The CBRN Defence Centre’s mobile RN laboratory is housed in an armoured 20-ft container which can be transported to an incident site by road or by air. The laboratory contains standard lab equipment for the measurement of alpha, beta, gamma and neutron radiation. It also meets NATO standard requirements.
Measuring levels of radioactivity is not difficult. It is more difficult to determine what is emitting the radiation, especially when alpha and beta radiating substances are concerned, which is important if the correct treatment is to be given to those who may have been exposed to the radiation. It is possible to make this distinction in larger laboratories but to date it has not been possible in the mobile laboratory.
Now the CBRN defence Centre has requested FOI to research methods for the separation of alpha and beta emitters. The first stage will focus on the beta emitter Strontium 90 which is created in a nuclear explosion or a nuclear power plant accident.
- We chose Strontium 90 because it is a difficult beta emitter. It has a long half-life, 29 years, says Micael Granström who is in charge of the mobile laboratory and who is on leave of absence from service as an FOI research scientist.
The difficulty involved in separation is that it requires what Micael Granström calls an “aggressive chemistry” which can interfere with equipment in the laboratory. FOI’s task is therefore firstly about developing a method of separation using substances that are less aggressive. In the next stage Micael Granström hopes that FOI will be able to develop methods for the separation of alpha emitters such as plutonium and americium.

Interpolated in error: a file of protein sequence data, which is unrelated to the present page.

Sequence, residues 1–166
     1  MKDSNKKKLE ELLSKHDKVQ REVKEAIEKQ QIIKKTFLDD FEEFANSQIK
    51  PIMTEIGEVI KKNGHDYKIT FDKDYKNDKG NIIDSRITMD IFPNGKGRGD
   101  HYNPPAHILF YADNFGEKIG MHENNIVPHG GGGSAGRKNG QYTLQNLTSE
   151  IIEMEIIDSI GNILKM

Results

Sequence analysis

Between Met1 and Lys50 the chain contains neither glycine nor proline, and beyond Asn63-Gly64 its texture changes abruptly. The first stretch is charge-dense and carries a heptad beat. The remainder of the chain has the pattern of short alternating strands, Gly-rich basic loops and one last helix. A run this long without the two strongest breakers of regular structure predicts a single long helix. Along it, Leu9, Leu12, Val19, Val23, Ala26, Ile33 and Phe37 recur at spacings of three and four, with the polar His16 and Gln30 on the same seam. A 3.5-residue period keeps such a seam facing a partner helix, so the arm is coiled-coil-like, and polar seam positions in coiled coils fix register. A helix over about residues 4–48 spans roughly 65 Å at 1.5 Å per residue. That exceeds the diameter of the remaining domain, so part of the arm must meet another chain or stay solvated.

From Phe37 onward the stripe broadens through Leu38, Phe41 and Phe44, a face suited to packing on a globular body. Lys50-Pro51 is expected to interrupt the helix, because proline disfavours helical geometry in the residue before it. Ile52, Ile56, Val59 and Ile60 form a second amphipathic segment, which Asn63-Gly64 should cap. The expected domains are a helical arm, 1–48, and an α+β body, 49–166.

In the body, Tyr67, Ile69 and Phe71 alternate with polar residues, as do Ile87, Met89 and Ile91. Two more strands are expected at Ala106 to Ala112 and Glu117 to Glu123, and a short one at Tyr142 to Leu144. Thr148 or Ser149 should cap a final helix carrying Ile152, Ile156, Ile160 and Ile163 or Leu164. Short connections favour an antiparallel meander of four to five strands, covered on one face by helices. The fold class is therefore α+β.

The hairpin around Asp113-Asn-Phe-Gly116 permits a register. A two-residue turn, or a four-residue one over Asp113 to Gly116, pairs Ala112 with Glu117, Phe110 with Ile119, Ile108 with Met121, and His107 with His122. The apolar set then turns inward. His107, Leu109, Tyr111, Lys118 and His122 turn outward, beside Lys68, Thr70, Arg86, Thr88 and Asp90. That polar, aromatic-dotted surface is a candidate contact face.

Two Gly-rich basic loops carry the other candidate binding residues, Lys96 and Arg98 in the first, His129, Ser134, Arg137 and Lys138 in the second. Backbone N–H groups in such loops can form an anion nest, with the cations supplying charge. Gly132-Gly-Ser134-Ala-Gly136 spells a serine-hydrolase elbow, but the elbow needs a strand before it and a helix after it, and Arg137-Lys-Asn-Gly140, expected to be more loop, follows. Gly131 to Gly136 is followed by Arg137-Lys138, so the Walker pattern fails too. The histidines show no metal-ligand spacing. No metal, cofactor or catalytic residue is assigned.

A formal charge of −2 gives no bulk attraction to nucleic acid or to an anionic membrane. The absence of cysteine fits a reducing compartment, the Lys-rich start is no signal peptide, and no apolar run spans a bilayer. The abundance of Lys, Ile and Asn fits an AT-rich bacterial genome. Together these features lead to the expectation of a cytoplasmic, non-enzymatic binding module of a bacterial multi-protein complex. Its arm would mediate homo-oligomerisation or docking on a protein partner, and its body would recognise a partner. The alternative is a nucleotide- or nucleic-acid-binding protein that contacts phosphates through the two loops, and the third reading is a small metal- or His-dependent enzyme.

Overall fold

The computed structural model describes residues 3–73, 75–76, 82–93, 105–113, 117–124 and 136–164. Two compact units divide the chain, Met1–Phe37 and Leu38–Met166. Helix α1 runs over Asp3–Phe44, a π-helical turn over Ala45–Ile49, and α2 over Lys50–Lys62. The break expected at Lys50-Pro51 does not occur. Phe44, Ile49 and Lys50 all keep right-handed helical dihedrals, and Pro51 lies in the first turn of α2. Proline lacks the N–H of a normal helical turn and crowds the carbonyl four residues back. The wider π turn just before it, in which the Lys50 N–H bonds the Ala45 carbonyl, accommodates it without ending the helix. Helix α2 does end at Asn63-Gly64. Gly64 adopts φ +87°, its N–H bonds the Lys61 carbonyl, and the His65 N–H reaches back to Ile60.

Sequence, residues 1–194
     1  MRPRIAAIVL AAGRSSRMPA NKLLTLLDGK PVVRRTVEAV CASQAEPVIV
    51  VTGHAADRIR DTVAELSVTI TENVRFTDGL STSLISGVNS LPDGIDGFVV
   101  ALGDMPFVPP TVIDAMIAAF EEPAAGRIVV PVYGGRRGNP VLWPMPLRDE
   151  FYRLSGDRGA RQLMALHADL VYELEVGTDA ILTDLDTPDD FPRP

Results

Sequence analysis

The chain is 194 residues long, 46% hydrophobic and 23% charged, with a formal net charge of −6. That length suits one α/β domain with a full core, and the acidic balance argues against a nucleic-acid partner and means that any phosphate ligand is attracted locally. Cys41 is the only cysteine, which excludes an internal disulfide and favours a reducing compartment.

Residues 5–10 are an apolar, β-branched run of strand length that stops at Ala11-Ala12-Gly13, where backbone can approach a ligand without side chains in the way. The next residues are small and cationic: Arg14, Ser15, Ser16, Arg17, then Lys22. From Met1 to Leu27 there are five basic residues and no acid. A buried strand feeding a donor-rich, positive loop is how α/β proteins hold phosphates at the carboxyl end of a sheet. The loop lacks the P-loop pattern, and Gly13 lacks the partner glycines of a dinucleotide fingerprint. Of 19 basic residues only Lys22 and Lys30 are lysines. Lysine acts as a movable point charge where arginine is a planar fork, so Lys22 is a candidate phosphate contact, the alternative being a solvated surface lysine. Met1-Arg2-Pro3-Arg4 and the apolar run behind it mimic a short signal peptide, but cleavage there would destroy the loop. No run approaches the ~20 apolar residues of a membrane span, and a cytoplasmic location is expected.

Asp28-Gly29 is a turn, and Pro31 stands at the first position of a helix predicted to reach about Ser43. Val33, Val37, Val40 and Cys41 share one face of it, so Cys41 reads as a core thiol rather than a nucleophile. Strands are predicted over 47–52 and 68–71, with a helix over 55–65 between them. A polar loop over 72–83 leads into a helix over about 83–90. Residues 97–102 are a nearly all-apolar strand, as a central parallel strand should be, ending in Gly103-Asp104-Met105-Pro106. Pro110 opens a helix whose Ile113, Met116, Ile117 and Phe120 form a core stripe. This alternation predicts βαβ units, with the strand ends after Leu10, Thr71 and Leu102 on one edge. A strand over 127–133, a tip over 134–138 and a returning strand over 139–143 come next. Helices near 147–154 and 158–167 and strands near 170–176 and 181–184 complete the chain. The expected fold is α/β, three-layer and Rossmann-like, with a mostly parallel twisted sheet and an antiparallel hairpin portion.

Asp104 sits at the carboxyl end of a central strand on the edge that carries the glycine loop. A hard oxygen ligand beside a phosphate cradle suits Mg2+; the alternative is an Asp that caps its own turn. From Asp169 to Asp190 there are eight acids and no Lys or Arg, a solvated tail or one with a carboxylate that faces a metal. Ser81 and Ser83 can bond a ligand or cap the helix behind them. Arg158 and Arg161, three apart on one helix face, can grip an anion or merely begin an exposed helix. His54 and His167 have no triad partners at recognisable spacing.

The National CBRN Defence Centre’s mobile laboratory is rated very highly. Its scientists have, for example, succeeded in carrying out calibration for gamma radiation outside the laboratory, making it possible to measure radioactivity on the ground, for example in the wake of a nuclear power plant accident. Recently they have also developed a method which, under field conditions, makes it possible to measure isotope quotas in uranium and to determine whether it is natural, depleted or reprocessed uranium.
With new improved separation methods for tracking sources of radiation, the Swedish RN laboratory will, according to Micael Granström, be one of the world’s best mobile laboratories. He is very pleased with what his former colleagues at FOI are achieving.
- FOI is very good at separation methodology and possesses highly sophisticated equipment where isotope quota determination is concerned. It is also at the leading edge when it comes to gamma spectrometry in the field, says Micael Granström.